The amount of stress and depression among teenagers is alarming. This is due to many factors, including peer pressure, pressure to perform well at school, social media, and hormonal changes. Also, teens are very often working for the first time, trying to juggle school, work, family, and social activities. It can be overwhelming. Two ways to help address these issues are increasing self-acceptance and self-compassion in teens.
Self-acceptance is understanding and recognizing one's own abilities and limitations. This is where many teenagers have a great deal of difficulty. They feel pressured to look a certain way, perform a certain way, be a certain way. And often when they look around, it seems everyone else is doing it all better than they are. In the process, they never feel comfortable with themselves. A quote from Linda Arnold says, “In each moment you’re either practicing self-acceptance – or you’re judging yourself.”
Self-compassion is being kind and understanding when confronted with personal attempts to manage your world. Teens who show compassion to others may have a difficult time showing that same compassion to themselves. They tend to do a lot of self-blaming and self-shaming instead of comforting and being gentle with themselves.
A lack of self-compassion and self-acceptance can lead to increased stress and possibly depression in teens. It can be a vicious cycle difficult to overcome. The good news is that there are ways teens can increase self-acceptance and self-compassion!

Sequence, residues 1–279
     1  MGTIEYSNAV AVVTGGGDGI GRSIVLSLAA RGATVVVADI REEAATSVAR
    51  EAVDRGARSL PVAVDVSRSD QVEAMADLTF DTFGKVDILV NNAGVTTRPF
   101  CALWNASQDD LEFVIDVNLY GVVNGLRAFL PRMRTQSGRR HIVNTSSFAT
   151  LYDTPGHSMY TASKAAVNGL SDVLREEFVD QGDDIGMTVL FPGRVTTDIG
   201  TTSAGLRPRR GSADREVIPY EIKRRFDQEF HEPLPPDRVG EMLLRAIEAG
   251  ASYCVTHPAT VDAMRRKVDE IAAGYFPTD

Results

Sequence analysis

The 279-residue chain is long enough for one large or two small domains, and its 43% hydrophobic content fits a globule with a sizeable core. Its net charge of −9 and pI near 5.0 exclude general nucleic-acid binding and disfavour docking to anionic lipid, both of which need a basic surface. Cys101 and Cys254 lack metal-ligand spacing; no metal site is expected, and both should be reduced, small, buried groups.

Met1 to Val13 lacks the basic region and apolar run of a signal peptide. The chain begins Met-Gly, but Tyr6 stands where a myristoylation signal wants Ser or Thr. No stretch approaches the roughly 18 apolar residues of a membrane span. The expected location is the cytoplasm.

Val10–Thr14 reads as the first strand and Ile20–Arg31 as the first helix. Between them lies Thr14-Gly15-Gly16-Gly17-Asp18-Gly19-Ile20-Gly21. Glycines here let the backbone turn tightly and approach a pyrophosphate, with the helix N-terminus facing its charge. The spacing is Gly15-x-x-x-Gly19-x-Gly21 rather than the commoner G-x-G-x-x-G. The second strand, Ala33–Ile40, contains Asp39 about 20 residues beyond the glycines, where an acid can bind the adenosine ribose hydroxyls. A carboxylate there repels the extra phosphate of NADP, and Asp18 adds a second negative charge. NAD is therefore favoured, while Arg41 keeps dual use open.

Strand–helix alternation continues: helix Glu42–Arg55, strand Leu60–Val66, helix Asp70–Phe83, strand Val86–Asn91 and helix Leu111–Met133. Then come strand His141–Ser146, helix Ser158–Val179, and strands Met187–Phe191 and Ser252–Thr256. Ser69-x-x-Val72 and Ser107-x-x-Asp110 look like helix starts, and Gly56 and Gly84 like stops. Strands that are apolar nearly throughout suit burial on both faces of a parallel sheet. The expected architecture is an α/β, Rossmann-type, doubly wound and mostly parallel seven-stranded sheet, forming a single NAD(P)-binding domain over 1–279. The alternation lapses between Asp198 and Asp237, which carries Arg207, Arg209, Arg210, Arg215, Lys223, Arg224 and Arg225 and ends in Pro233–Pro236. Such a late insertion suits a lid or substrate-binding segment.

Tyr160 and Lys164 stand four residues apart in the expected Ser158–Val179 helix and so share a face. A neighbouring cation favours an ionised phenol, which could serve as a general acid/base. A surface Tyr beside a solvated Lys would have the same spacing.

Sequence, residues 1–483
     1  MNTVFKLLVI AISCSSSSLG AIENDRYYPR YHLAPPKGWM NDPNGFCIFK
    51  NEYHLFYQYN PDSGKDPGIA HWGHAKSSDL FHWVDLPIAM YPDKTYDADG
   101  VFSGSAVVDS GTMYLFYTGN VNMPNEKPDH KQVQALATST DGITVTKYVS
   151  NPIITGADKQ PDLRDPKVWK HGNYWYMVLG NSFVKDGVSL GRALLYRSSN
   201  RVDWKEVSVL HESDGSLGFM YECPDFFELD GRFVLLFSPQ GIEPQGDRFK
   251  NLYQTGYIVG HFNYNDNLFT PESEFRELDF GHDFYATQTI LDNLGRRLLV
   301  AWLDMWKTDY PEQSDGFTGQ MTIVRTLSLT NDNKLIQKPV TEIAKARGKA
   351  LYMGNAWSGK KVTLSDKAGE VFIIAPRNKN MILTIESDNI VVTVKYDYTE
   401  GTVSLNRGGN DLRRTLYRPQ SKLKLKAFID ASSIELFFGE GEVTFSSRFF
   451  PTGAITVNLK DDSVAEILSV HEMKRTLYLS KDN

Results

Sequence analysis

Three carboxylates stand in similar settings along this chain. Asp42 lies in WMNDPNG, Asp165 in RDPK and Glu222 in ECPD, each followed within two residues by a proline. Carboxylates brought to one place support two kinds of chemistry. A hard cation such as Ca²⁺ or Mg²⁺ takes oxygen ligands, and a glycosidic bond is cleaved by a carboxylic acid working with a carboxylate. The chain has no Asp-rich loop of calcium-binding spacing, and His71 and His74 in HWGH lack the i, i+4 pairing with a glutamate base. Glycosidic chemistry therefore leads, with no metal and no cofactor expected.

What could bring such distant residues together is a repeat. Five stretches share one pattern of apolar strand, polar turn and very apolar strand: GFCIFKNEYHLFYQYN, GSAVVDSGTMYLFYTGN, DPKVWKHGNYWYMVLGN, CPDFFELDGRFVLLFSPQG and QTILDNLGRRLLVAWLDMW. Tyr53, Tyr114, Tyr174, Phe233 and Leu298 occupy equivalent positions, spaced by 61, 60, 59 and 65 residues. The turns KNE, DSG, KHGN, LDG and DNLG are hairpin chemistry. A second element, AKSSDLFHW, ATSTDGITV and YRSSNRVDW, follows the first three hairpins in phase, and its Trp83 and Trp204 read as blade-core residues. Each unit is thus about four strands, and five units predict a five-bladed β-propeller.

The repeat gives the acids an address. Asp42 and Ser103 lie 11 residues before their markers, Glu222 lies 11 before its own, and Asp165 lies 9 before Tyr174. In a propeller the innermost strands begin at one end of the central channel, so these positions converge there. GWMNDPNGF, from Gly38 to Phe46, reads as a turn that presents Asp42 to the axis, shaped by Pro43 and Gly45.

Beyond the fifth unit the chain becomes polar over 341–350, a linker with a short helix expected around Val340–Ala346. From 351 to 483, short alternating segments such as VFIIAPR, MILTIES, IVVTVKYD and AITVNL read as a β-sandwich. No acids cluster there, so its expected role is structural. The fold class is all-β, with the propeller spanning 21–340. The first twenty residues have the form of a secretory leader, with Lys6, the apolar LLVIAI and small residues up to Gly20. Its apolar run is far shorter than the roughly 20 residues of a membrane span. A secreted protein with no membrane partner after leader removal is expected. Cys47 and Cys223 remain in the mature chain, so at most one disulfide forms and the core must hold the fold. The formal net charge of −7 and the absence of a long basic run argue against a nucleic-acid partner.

According to Mindful.org, a recent study by Dr. Brian Galla, from the University of Pittsburgh, found that mindfulness training can decrease stress and increase feelings of well-being in teens. During a 5-day mindfulness retreat, teens learned mindfulness through various exercises including meditation, yoga, and various workshops designated to help them be aware of their feelings while at the same time being gentle with themselves and accepting of those feelings. After the retreat, teens felt less stressed, happier, more self-compassionate and accepting of themselves. The skills learned during the retreat had a lingering affect – still present 3 months after the retreat!
A counselor who teaches mindfulness can be a great resource in guiding teens on the journey to becoming more self-accepting and self-compassionate so that they can make the most of their teenage years. One of our favorite self-compassion and mindfulness workbooks can be found here: Mindful Self-Compassion Workbook. Check it out if you are interested in a self-guided journey toward increased wellness or contact eSupport Counseling to get started with a counselor today!